The U.S. Fed, expected to follow suit in May, gets March inflation data, while the ECB on Thursday will face pressure from its hawkish factions to start tightening policy.
And Europe has woken to the risk of a French election upset.
1. MADAME LA PRESIDENTE?
Far-right French politician Marine Le Pen, who sowed panic in the run up to 2017 presidential elections, is enjoying a resurgence in the opinion polls and markets are running scared.
With the first round of voting in presidential elections scheduled for Sunday, Le Pen is closing the gap on incumbent Emmanuel Macron.
Macron is still expected to win the presidency, but the possibility of an upset has sunk in. A Le Pen win would hamper European cohesion, while her big-spending, tax-cutting agenda would blow out France’s spending bill.
The premium investors demand to hold French debt versus Germany has risen, while shares in companies targeted by Le Pen for nationalisation have fallen.
Unlike in 2017, Le Pen does not advocate ditching the euro. But a strong showing on Sunday will herald market turbulence before the April 24 decider — and possibly after.
2. HAWKS OVER FRANKFURT
With euro area inflation running at 7.5%, the European Central Bank’s meeting on Thursday will see the hawks out in force.
They have become increasingly vocal, while markets are now gunning for a July rate rise, having ramped up their bets since the March meeting.
ECB chief economist Philip Lane warns against reacting to short-term, energy-driven price surges. And the Ukraine war is taking a toll on the economy and consumer confidence.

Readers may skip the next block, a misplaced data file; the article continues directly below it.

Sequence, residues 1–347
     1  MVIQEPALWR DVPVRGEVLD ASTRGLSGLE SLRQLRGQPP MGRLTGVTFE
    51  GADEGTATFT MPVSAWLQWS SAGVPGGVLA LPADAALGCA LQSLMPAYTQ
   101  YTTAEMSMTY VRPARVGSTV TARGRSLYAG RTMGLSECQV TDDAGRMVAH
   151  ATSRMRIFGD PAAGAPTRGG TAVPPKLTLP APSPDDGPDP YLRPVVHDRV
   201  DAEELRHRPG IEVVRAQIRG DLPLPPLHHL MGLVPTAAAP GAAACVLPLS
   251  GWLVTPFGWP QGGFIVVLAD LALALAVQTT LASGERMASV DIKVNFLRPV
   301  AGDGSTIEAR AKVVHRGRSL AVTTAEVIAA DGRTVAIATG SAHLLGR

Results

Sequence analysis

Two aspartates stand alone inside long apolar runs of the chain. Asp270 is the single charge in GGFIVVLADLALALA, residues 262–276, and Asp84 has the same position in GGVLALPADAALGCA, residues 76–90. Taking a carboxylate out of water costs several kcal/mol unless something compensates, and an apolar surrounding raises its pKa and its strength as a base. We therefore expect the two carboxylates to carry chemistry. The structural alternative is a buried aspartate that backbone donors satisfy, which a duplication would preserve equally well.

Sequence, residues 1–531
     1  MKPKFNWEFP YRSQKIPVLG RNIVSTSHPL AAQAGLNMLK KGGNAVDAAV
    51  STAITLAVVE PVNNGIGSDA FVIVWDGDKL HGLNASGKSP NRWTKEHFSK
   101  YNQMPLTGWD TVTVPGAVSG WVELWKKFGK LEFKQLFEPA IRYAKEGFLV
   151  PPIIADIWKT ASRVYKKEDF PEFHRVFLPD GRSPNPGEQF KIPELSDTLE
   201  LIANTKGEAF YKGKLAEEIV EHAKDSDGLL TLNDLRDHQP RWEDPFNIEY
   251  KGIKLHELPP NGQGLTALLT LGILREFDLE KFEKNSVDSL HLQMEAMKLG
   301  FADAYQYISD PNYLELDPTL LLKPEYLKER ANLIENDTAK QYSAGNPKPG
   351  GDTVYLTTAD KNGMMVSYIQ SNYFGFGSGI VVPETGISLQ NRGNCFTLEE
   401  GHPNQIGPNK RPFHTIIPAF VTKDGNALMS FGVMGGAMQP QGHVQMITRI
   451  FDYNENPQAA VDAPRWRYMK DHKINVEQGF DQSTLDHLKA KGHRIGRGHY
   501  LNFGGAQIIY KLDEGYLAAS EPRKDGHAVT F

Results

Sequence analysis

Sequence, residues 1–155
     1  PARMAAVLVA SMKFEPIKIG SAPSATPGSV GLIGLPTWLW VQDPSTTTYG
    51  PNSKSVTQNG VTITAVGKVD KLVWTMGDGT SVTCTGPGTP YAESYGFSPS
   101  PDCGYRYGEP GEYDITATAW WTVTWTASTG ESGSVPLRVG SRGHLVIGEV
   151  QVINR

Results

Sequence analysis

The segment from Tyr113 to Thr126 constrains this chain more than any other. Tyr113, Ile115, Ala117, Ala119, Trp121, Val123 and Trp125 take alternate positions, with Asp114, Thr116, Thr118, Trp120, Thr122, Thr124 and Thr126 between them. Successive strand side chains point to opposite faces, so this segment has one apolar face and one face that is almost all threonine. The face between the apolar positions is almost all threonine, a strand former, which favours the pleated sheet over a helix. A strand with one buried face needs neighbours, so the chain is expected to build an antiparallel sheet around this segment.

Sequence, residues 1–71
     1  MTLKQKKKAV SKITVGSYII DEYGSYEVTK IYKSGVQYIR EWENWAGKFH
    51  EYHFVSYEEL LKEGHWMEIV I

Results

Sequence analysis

The ECB knows well the price of making a policy mistake. It has raised rates in the past, only to make a speedy U-turn. Yet inflation shows no signs of peaking, let alone returning to the 2% target. The hawks’ clamour may get louder.
3. BIG GUNS, BIGGER RATE HIKES
Canada and New Zealand appear poised for their biggest interest rate hikes in 20 years, underscoring the worldwide scramble to contain inflation .
Both banks meet on Wednesday. Swaps price a 90%-plus chance of a 50 basis-point hike from the Reserve Bank of New Zealand and a better-than-80% likelihood of the Bank of Canada does the same.
With Canadian inflation seen above target until 2024, another 50 bps move may come in June. New Zealand delivered a 25 bps hike in February — its third — and flagged the possibility of bigger rises ahead.
These would be the most drastic G10 hikes this cycle. Until May, when the Federal Reserve is tipped to lift rates 50 bps.
4. PRICE WAR
Minutes from the Fed’s March policy meeting showed meatier rate hikes and an aggressive balance sheet runoff are likely in coming months as the central bank battles inflation. .
All that puts a spotlight on Wednesday’s inflation data. February’s 7.9% print was the largest annual increase in 40 years. In March, consumer prices grew 8.3% year-on-year, economists polled by predict, as the Ukraine-Russia war sent commodity prices spiralling higher.
And as Americans dig deeper for rent, gasoline and food, wage gains are eroding — inflation adjusted average hourly earnings fell 2.6% year-on-year in February. A chunky inflation print will bolster the case for more dramatic policy tightening.
5. BANKS TO THE TEST
As rising bond yields, labour shortages and sky-high commodity prices buffet stock markets, first-quarter U.S. earnings will give investors a chance to gauge balance sheet resilience, cost pressures on companies and share buyback plans.
Overall, S&P 500 earnings growth is expected at 6.8% in the Jan-March quarter, versus the 53% bounceback seen a year ago from COVID-time doldrums, according to Refinitiv IBES.
Big banks kick off the season with JPMorgan reporting on Wednesday, followed a day later by Citigroup, Wells Fargo, Goldman Sachs and Morgan Stanley .
Bank shares have fared badly this year, with 11% losses , versus the S&P 500’s 6%
The six biggest lenders are projected to show a 35% decline in net income versus a year earlier. Investment bank revenues may have declined, especially after the Russian invasion of Ukraine, while some banks must make provisions for Russia-linked losses.
Finally, watch whether banks may curb share buybacks after seeing excess capital dented by Q1 losses on their bond holdings.